Do you remember what you last ate? Do you know when you will eat again? Is it easy to satiate hunger pangs?

Be lucky if you answered yes to those questions because 1 in 10 people in the United States do not have enough food to eat. That is more than 35 million people. COVID-19 has only exacerbated the problem as people struggle to work and students are not at school to receive a free or reduced meals. With unemployment benefits running out, those numbers are likely to increase. It hasn’t helped that food prices have risen dramatically during the pandemic.

Food insecurity is a growing problem in the U.S. (Image: Kathryn Reed)

The Census Bureau conducted a study in August with results released in mid-September that show food insecurity for children was at 16.8 percent in mid-June and rose to 19.9 percent a month later.

The U.S. Department of Agriculture defines food insecurity as “a household-level economic and social condition of limited or uncertain access to adequate food.” Hunger by U.S. government definition is an individual-level physiological condition that may result from food insecurity.” In simple terms, food insecurity can mean you don’t know where your next meal is coming from.

The Washington Post on Sept. 15 sponsored a webinar about food insecurity. Soledad O’Brien, producer of the movie “Hungry to Learn,” and Sara Goldrick-Rab, a professor at Temple University who is in the film, talked about what is going on at college campuses in the United states. The documentary is based on Goldrick-Rab’s study about food insecurity among college students. Results of the fifth study that she has conducted were released pre-COVID.

It was revealed that 45 percent of college students experience hunger at some point. “These numbers can only be this large if there is a systemic problem,” Goldrick-Rab said.

Some students had free or reduced breakfasts and/or lunches in K-12. The federal government does not have an equivalent program at the college level. Those with needs are from diverse backgrounds, it’s not just the poor. It could be that mom and dad are not helping out even though the student came from a middle or upper middle class family. It could be that even in middle class homes money was too scarce to save for college. Many students have jobs that help them put food in their mouths. Most of those jobs evaporated when the pandemic hit, thus creating an even larger problem. So many jobs do not come with a livable wage. The federal minimum wage is $7.25 an hour; this took effect in July 2009.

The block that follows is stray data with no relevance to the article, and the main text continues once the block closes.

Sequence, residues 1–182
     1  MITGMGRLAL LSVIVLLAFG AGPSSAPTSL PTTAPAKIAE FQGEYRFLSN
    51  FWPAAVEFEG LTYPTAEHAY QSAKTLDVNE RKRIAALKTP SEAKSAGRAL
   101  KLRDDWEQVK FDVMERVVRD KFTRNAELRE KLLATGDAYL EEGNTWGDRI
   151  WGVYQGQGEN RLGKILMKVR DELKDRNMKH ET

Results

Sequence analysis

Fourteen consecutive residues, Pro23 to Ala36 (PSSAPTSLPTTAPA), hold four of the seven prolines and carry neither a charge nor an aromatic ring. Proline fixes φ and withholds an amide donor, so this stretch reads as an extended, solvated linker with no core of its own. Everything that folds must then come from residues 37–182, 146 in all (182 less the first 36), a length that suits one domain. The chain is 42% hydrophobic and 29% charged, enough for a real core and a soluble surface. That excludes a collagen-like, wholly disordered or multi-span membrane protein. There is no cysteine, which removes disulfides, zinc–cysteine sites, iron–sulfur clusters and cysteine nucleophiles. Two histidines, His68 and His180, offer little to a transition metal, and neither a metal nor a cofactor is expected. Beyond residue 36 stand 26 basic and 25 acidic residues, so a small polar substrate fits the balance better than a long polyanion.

Food on college campuses is big business. The movie says, “The college food service industry made an estimated $18 billion in 2018.” Not everyone, though, can afford to dine on campus.

Food pantries exist at more than 650 colleges, including Lake Tahoe Community College. Students in South Lake Tahoe may visit the pantry twice a month and must meet income eligibility guidelines. Most of the food comes from grants and donations.

“It’s really hard to get students focused on studying when they don’t have enough to eat,” Goldrick-Rab said. They are having to choose between going to college and eating.

O’Brien said, “There has to be a federal response to help these students.” In July 2019, Sen. Kamala Harris (D-Calif.) introduced the BASIC (Basic Assistance for Students In College) Act.

Supporters include the American Association of Community Colleges, American Student Association of Community Colleges, Association of Community College Trustees, Center for Law and Social Policy, Hispanic Association of Colleges and Universities, Hope Center for College, Community, and Justice, MAZON: A Jewish Response to Hunger, National Alliance to End Homelessness, NASPA – Student Affairs Administrators in Higher Education, Thurgood Marshall College Fund, California Community Colleges, University of California, and the University of California Student Association.

The bill, according to a press release from Harris, would provide “legislation to ensure that college students—particularly those receiving Pell Grants or attending a community college or minority-serving institution—are able to afford basic, day-to-day necessities.” The release goes on to say the act would:

  1. Establish a $500 million competitive grant program to help institutions of higher education identify and meet the basic needs of students, including food, housing, transportation, child care, health care, and technology.
  2. Require at least 25 percent of grants to go to community colleges. Grant priority will also go to institutions with 25 percent or higher Pell enrollment, HBCUs, and other minority-serving institutions.
  3. Requires the Department of Education to coordinate with the Departments of Agriculture, Housing & Urban Development, and Health & Human Services to develop and implement an agreement to:
  • Securely share data to identify current students who may be eligible for federal means-tested programs, including SNAP, SSI, TANF, WIC, Medicaid, and federal housing assistance; and
  • Coordinate efforts to help institutions of higher education enroll eligible students in these programs.

The bill has not gone anywhere since it was introduced.

O’Brien and Goldrick-Rab are encouraged more people are talking about the issue, that educators are recognizing the problem, and that at least one presidential candidate and his vice presidential nominee are raising the alarm bell on the campaign trail.

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